May we see lot of people CollectD with influxDB and Grafana to monitor also graphite was played good role and which highly suitable with grafana (build with AngularJS). CollectD seems to be a very suitable daemon which collects system performance statistics periodically, but needs some slight configuration to work with InfluxDB. But we decide to go with telegraf to explore and monitor.
- InfluxDB for ingesting and storing data
- Grafana for displaying real-time and historical charts
- Telegraf for system monitoring
We can install influxDB and grafana in one system and we can run telegraf remain all the system which we have to monitor.
You can our script to setup this in Ubuntu. Script please find in Our Repo Influxdb+Grafana
Installing on an Ubuntu machine is straightforward. Per the downloads page:
# wget https://s3.amazonaws.com/influxdb/influxdb_0.10.0-1_amd64.deb
# dpkg -i influxdb_0.10.0-1_amd64.deb
# /etc/init.d/influxdb start
Starting the process influxdb [ OK ]
influxdb process was started [ OK ]
Connected to http://localhost:8086 version 0.10.0
InfluxDB shell 0.10.0
If you wise access through browser you can use http://<your-server-ip>:8083. Normally it doesn’t require any username. In web UI you can create the database and also can see the measurements.
Also simple enough. Per the downloads page:
# wget https://grafanarel.s3.amazonaws.com/builds/grafana_2.6.0_amd64.deb
# apt-get update
# apt-get install -y adduser libfontconfig
# dpkg -i grafana_2.6.0_amd64.deb
# service grafana-server start
Once you install you can access the nice web UI using http://<Your –server-IP>:3000. Its uses admin/admin as default username/password.
Per the GitHub page:
# wget http://get.influxdb.org/telegraf/telegraf_0.10.2-1_amd64.deb
# dpkg -i telegraf_0.10.2-1_amd64.deb
Next you have to decide what you want to monitor. Running the following command will generate a sample config file listing many inputs and outputs. You can view the resulting telegraf.conf file if you wish.
# telegraf -sample-config > telegraf.conf
For demonstration purposes, I configure to monitor CPU, memory, and swap usage and output it to InfluxDB. Therefore I can generate the configuration file by specifying:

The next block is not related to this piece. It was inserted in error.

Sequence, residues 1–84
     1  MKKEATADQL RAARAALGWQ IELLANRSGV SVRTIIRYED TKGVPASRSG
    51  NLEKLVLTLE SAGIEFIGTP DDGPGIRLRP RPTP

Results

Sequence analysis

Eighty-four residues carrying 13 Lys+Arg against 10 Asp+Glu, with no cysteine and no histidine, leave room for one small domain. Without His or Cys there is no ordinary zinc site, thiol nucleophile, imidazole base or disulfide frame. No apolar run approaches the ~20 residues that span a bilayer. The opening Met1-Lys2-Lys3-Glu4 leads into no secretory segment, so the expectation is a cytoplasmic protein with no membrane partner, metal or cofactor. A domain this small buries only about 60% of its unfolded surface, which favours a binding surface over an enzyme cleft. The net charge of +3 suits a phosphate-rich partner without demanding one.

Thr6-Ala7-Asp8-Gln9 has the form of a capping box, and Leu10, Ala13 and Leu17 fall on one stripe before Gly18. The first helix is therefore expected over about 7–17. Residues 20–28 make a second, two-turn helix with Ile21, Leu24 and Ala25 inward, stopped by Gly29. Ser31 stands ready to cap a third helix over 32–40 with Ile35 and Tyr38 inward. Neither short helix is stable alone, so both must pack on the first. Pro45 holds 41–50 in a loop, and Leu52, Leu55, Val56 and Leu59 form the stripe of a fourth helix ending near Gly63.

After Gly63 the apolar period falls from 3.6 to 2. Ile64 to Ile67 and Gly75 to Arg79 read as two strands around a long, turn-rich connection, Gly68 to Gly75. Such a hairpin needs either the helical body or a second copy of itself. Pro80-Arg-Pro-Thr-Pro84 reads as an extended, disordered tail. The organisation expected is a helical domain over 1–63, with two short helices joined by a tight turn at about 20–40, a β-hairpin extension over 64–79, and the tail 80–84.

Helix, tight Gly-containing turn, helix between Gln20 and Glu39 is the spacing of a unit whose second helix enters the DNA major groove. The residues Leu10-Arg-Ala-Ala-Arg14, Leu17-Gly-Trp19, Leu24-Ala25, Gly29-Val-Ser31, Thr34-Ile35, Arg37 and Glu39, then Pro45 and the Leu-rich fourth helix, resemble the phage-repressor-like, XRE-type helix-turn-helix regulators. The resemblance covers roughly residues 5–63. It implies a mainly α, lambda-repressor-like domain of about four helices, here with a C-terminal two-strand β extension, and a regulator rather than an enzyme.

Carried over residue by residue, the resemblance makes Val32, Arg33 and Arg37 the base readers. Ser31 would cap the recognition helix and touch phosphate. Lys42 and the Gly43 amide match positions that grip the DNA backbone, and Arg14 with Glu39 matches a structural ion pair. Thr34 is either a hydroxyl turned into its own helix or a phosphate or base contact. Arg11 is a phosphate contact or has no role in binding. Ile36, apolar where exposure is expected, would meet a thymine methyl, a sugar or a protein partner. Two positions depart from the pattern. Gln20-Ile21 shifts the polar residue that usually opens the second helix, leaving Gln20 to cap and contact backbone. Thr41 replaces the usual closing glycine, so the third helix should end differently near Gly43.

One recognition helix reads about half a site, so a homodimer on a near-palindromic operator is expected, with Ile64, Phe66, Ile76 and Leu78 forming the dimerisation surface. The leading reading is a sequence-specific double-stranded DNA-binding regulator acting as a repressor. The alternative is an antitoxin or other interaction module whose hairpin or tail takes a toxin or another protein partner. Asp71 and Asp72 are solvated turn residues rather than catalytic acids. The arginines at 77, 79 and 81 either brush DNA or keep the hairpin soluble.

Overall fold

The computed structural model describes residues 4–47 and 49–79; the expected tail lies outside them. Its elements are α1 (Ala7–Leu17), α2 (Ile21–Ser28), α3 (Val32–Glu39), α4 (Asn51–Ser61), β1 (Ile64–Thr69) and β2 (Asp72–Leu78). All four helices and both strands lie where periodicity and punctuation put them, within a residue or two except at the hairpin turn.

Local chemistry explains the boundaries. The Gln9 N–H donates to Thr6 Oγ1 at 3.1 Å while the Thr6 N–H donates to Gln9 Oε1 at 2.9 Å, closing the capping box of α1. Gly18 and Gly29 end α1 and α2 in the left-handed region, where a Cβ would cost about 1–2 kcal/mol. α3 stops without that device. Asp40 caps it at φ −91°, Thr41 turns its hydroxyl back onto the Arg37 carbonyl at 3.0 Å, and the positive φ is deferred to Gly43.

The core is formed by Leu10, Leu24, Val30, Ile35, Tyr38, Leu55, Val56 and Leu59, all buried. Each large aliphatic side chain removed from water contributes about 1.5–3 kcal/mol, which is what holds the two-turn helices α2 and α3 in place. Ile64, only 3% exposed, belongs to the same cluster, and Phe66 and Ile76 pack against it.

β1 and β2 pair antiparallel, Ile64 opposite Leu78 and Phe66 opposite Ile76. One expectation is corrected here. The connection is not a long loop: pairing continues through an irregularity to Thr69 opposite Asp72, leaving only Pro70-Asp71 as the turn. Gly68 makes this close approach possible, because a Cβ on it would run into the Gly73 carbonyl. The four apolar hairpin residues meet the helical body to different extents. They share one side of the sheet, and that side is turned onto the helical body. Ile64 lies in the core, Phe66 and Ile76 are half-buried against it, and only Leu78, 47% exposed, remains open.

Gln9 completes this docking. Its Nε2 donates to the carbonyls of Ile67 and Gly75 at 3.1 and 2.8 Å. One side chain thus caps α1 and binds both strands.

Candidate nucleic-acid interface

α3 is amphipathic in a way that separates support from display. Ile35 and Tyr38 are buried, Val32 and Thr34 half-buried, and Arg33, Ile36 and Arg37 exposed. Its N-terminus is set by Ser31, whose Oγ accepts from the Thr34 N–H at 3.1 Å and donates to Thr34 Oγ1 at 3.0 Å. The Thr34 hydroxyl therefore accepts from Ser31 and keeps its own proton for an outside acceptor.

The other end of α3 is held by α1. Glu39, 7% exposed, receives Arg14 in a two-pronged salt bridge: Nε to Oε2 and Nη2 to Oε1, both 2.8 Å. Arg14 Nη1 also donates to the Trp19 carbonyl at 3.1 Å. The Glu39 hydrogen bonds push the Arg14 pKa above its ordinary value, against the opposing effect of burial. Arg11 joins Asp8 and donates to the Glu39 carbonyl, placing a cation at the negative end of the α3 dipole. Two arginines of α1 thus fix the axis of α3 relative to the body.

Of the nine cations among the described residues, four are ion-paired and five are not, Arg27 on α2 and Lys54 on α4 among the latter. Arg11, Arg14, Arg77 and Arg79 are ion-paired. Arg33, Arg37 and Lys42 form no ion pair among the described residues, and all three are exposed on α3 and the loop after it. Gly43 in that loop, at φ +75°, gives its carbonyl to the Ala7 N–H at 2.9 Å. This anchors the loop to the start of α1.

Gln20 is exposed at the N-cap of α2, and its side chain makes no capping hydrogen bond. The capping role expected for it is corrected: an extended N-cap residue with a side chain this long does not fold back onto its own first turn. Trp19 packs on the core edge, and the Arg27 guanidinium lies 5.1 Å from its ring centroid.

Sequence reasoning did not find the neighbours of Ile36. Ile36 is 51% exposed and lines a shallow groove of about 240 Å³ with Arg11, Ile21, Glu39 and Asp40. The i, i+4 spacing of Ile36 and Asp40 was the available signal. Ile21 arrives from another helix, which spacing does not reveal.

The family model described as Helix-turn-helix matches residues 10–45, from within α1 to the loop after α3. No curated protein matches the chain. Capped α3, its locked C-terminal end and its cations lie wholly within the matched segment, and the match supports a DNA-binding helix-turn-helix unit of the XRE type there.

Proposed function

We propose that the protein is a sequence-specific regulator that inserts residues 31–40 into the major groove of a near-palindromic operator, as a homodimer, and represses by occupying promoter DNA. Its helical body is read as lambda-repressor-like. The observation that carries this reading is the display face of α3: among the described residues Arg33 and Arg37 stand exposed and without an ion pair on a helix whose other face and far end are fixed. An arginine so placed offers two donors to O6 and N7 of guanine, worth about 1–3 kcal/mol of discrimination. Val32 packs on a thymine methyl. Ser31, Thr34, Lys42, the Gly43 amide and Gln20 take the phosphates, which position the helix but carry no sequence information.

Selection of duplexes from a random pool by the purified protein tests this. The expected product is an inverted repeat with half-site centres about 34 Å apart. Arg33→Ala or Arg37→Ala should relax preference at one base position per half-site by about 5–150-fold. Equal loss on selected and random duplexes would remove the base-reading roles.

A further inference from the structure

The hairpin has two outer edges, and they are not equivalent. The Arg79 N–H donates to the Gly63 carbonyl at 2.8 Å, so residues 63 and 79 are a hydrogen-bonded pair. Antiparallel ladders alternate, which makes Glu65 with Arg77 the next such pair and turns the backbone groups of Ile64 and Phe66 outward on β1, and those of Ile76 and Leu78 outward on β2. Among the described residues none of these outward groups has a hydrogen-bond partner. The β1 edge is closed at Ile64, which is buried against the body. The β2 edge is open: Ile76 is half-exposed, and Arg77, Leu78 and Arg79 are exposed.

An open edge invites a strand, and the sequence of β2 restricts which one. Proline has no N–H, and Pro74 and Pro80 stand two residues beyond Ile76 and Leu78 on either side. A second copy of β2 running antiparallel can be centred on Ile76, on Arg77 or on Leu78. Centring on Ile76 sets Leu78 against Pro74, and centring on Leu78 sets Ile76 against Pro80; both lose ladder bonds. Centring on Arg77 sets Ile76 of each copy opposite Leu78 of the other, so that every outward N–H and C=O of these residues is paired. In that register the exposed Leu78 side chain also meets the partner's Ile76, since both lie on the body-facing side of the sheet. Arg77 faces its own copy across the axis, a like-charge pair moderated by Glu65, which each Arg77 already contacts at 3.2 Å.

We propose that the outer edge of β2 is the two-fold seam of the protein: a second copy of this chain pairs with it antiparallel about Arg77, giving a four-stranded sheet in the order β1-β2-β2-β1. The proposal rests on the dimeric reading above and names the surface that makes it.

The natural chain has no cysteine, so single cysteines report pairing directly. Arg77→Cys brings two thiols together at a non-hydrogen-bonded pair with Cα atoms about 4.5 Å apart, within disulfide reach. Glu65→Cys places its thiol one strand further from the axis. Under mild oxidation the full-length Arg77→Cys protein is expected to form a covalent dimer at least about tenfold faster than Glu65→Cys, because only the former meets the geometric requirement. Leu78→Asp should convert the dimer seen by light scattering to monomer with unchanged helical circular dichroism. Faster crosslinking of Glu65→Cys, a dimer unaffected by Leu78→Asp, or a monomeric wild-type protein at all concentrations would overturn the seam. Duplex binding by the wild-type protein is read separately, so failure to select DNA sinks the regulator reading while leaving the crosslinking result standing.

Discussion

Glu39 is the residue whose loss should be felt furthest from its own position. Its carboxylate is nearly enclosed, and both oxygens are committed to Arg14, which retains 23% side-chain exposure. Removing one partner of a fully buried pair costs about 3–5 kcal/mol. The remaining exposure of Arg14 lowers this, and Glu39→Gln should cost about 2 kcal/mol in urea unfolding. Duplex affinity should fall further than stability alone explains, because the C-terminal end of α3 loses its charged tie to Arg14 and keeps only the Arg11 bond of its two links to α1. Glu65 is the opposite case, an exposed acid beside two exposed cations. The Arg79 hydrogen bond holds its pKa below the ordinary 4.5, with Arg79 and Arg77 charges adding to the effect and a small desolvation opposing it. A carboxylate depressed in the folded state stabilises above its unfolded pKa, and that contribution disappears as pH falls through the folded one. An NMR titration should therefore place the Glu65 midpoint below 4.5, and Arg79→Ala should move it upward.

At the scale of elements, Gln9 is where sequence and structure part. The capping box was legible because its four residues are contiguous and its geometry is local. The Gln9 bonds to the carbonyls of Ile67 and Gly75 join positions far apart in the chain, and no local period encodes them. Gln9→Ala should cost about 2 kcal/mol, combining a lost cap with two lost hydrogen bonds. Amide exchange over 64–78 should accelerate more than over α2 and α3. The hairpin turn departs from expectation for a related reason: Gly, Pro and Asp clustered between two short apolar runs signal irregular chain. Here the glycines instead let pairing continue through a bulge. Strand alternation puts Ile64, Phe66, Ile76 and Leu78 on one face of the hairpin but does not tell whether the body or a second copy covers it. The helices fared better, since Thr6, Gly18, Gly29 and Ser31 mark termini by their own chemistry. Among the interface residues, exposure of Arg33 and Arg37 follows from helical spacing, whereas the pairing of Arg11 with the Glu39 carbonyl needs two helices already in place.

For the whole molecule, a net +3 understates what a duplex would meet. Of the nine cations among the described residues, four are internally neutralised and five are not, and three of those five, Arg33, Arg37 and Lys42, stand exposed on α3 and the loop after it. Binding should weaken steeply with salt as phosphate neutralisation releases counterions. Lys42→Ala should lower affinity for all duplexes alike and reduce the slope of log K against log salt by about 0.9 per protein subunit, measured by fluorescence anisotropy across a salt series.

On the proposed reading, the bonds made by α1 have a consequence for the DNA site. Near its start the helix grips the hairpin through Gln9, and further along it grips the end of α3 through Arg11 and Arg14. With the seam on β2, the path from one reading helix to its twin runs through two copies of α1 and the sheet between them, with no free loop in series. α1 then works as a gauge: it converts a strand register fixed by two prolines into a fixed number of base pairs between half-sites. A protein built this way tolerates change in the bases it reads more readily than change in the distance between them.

# telegraf -sample-config -input-filter cpu:mem:swap -output-filter influxdb > telegraf.conf
And then run telegraf by passing in the configuration file:
# telegraf -config telegraf.conf
2016/02/10 01:05:19 Starting Telegraf (version 0.10.2)
2016/02/10 01:05:19 Loaded outputs: influxdb
2016/02/10 01:05:19 Loaded inputs: cpu mem swap
2016/02/10 01:05:19 Tags enabled: host=precise64
2016/02/10 01:05:19 Agent Config: Interval:10s, Debug:false, Quiet:false, Hostname:”precise64″, Flush Interval:10s
2016/02/10 01:05:20 Gathered metrics, (10s interval), from 3 inputs in 752.027Âµs
2016/02/10 01:05:30 Gathered metrics, (10s interval), from 3 inputs in 1.537643ms
2016/02/10 01:05:30 Wrote 7 metrics to output influxdb in 7.466383ms
View the stats
Once we setup all in server side now we can move to grafana dashboard to fetch the influxdb data to grafana. Follow below steps to configure influxdb in grafana.
1.) The top left Menu (icon of Spiral)
2.) Data Sources
3.) + Add data source
4.) Fill out:
a.) Name: InfluxDB
b.) Type: InfluxDB
c.) (HTTP Settings) Url: http://10.0.0.20:8086
d.) (InfluxDB Settings) Database: telegraf
5.) Click “Save & Test” — it will save and work
Grafana requires a database user/name to complete the form, but InfluxDB doesn’t actually care.
You can create some dashboards be selecting the fields you want to query, and then organize everything as desired.
If you wish you monitor more servers just install telegraf and start collect data.